Barber Farm

Utilizing the North Carolina Farmland Preservation Trust Fund, The LandTrust for Central North Carolina assisted in the permanent preservation of two active family farms, representing 335 acres, in the past several months.

The first project completed (which was briefly mentioned in our last newsletter) came through the dedication of sisters Rebecca Barber Floyd and Joyce Ann Barber who acted to protect their family’s legacy farm in Cleveland, North Carolina near Barber Junction. Protecting this 242 acre National Register Historic Landmark in Rowan County reached “High Priority” status the moment it was introduced to The LandTrust in 1997. The farm truly allows for a step back in time – a living museum demonstrative of agricultural landscapes and equipment from days gone by. The pastoral beauty of the farm is matched only by the striking splendor of the mid-19th century home-place lovingly restored by Rebecca and Joyce Ann.

Executive Director Jason Walser noted, “Protection of the Barber Farm is an incredible victory for us. Not only have we preserved an important piece of Rowan County history with this project, we have also protected prime agricultural soils, scenic vistas enjoyed from Highways 70 and 801, important wildlife habitat, and a significant riparian buffer along Witherow’s Creek. In a way this project encapsulates all that the LandTrust is about – farmland, natural area, cultural heritage, and water quality conservation.”

While the use of the North Carolina Farmland Preservation Trust Fund does pay the landowners are still donating a much greater value than what they are receiving. That is, the value of what they give up far exceeds that amount of money they receive – typically by 70-90%.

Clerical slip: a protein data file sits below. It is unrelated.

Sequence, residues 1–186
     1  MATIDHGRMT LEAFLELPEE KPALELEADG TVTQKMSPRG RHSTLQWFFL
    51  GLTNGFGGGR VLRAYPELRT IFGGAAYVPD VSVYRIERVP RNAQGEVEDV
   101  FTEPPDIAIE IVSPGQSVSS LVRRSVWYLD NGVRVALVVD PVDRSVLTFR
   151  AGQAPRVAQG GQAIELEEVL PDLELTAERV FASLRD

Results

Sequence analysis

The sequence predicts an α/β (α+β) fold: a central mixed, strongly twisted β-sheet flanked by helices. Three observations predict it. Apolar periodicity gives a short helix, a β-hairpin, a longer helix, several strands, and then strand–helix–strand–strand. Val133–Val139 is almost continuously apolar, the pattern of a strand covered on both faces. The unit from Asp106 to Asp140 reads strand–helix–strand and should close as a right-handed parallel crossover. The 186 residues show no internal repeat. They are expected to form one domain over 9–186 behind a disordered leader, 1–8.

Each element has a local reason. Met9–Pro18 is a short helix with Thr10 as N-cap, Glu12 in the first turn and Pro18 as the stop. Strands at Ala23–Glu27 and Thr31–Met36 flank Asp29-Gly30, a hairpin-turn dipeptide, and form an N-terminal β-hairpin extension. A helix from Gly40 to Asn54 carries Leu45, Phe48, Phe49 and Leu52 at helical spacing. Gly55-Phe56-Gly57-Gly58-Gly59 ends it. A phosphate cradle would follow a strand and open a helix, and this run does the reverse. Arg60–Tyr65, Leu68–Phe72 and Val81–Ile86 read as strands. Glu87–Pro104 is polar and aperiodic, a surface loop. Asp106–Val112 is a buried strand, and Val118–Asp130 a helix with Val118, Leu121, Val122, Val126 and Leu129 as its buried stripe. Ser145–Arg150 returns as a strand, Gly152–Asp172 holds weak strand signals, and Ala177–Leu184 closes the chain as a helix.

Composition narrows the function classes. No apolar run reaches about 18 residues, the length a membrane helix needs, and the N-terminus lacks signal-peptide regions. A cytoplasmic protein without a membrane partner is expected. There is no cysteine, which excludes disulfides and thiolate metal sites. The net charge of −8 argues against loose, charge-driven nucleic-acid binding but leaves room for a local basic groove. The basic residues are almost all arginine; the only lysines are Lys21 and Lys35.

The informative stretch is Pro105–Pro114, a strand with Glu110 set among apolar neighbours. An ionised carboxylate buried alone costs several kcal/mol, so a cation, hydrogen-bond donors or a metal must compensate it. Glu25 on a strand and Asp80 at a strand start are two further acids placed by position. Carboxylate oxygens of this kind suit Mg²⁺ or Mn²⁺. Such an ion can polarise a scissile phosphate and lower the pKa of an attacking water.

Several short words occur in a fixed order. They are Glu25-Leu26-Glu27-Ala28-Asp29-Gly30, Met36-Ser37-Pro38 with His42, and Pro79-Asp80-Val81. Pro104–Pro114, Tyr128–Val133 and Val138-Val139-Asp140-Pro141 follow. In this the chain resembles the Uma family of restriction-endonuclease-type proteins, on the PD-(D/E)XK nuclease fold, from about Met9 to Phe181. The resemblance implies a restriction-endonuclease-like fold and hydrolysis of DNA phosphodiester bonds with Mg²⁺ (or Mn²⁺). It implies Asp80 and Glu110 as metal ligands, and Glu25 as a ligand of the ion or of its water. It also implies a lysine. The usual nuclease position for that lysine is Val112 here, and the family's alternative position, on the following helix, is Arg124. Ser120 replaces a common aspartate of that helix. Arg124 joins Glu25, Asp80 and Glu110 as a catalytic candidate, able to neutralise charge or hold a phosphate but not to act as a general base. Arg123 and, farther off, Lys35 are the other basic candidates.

Another interesting aspect of this project is that The LandTrust was also able to utilize funds from the Federal Farmland Preservation Program of the USDA. With help from the local Natural Resource Conservation Service, we were able to put together the first successful federal funds into Piedmont North Carolina for farmland preservation. Since the new Farm Bill allocates hundreds of millions of dollars to Farmland Preservation, this successful project utilizing both state and federal sources bodies well for our ability to tap into these funds again in the future. In fact, we will be reporting in the next newsletter about receiving a huge allocation from the federal program for this year as well, although details were not available as of press time for this publication.

To date, The LandTrust has accomplished 5 projects employing the state and federal farmland preservation programs. Combined, these two programs have helped us ensure the permanent protection of 934 acres. Due to current budget constraints the immediate future of the state program is uncertain. However, the LantTrust is optimistic the outlook will eventually improve and we will continue to move forward in preserving the southern Piedmont’s finest family farms.

Webster Family Farm